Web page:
Keith Grainge is Professor of Physics at The University of Manchester. He is an experimental cosmologist who works on the design of radio telescopes and then uses them to extract the underlying astrophysics.
He studied for his PhD at Cambridge University (1996) studying clusters of galaxies and measuring the Hubble Constant, the rate of expansion of the Universe. Since then he has worked on the design, construction, commissioning and science results from two telescopes observing the Cosmic Microwave Background. The first of these, the Very Small Array was located on Tenerife and measured the curvature, matter density and age of the Universe. The second, the Arcminute Microkelvin Imager, performs a range of science including follow-up of transient phenomena, spinning dust observations and galaxy cluster imaging.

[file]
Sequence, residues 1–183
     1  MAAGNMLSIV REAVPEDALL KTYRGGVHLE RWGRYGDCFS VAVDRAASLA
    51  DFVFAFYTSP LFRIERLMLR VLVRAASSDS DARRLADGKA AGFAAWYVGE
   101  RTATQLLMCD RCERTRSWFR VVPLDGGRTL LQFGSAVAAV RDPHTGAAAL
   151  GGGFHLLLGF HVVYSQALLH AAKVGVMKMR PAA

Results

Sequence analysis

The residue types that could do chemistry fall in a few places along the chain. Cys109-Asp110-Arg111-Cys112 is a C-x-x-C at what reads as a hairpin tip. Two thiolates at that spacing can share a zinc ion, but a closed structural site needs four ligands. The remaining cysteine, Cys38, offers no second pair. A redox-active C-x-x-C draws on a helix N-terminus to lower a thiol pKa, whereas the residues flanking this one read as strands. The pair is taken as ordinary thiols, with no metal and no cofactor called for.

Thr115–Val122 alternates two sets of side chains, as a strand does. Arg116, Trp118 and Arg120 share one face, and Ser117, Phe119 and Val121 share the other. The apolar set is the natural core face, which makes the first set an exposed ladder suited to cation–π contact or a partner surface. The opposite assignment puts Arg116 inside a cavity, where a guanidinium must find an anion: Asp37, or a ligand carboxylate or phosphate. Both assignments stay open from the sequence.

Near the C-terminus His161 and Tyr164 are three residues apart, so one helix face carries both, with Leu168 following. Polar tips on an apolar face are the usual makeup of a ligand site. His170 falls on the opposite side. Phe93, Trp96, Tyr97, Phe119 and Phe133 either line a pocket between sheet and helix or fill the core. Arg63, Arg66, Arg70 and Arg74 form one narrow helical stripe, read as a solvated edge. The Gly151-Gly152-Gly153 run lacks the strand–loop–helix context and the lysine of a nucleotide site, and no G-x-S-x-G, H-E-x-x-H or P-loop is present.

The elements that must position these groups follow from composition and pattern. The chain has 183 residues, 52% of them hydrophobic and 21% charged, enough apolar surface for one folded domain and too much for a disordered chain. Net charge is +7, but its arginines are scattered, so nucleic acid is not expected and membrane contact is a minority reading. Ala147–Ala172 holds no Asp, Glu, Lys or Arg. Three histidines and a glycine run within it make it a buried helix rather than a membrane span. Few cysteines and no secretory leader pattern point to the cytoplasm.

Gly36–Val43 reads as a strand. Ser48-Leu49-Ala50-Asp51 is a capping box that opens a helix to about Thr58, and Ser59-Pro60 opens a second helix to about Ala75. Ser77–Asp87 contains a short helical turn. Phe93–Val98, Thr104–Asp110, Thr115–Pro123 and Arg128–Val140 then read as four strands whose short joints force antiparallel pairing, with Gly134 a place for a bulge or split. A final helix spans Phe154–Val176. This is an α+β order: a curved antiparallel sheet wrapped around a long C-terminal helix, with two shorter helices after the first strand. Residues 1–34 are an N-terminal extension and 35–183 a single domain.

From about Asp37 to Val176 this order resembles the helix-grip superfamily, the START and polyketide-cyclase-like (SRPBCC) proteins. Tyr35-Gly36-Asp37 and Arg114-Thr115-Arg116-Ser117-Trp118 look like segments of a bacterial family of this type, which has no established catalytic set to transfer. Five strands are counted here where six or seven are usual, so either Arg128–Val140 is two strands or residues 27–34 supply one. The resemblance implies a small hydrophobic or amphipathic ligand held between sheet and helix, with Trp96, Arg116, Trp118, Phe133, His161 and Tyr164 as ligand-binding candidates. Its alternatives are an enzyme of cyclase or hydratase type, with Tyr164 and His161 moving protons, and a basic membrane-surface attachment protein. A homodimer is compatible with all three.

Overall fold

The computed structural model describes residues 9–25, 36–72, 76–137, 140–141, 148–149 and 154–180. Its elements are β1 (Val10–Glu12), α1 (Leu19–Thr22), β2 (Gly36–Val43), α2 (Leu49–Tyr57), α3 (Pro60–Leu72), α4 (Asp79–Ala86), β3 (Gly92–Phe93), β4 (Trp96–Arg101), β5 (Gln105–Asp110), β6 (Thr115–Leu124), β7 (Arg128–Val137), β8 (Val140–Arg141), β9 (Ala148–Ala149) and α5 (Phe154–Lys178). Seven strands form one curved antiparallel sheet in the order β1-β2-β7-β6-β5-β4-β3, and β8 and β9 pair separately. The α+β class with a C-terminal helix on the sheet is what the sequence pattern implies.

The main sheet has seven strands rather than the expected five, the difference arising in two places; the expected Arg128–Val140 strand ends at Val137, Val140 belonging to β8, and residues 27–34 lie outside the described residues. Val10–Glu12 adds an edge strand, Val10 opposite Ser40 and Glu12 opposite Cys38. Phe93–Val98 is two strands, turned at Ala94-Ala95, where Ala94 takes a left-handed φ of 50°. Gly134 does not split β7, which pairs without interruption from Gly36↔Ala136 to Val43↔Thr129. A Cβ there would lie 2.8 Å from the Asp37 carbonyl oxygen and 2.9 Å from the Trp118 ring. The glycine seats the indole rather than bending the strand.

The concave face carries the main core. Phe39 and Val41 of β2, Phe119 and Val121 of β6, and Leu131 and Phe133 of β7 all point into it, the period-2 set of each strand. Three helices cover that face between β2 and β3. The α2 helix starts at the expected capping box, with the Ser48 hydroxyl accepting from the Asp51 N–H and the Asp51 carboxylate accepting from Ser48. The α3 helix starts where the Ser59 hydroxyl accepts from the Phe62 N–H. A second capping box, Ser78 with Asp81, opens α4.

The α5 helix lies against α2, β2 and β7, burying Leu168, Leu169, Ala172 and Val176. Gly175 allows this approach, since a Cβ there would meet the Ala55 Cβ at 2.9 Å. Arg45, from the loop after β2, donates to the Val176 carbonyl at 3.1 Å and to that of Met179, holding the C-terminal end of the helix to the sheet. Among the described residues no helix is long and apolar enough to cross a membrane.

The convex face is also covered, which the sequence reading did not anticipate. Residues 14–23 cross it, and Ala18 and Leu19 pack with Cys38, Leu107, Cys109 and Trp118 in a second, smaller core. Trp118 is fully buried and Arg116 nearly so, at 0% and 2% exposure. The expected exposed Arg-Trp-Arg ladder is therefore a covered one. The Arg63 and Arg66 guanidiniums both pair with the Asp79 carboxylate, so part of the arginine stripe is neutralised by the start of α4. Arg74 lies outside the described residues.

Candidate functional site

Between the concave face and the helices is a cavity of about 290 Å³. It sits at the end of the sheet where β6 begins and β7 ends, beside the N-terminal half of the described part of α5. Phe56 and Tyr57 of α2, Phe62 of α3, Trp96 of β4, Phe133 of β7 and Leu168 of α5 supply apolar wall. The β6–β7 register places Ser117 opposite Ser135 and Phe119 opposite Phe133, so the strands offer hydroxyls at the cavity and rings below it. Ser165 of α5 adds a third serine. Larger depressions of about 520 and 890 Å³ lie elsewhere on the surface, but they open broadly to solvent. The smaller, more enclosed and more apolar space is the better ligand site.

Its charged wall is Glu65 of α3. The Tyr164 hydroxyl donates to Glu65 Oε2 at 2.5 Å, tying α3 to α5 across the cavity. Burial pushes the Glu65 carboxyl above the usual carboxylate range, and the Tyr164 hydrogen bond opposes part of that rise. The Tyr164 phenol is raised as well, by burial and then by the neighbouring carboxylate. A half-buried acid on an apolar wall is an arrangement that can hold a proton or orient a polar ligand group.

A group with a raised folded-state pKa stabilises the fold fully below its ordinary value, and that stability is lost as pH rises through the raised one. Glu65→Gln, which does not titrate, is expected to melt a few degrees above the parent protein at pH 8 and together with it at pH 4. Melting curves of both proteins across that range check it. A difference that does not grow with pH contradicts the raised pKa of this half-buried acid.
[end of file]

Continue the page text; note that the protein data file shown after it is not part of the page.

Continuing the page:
Keith is now the Associate Director of Jodrell Bank Centre for Astrophysics focussing on the Square Kilometre Array (SKA), which will be the world’s largest and most sensitive radio telescope. It will be a transformative instrument that will address fundamental unanswered questions about our Universe. Key science projects include testing General Relativity, detecting gravitational waves, exploring the formation of the first stars and galaxies in the Universe, measuring how dark energy is accelerating the expansion of the Universe, investigating the role of magnetism in the cosmos, and searching for life beyond the Earth. Keith led one of the SKA international Design Consortia, working on the Signal and Data Transport networks, until the successful completion of the design in 2019. These networks are the backbone of the telescope, transporting data rates of around 10 Tbps out of the telescope to HPC facilities and delivering a synchronisation signal to maintain coherence of the telescope with accuracy better than 1 picosecond.
Last updated: 11 October 2019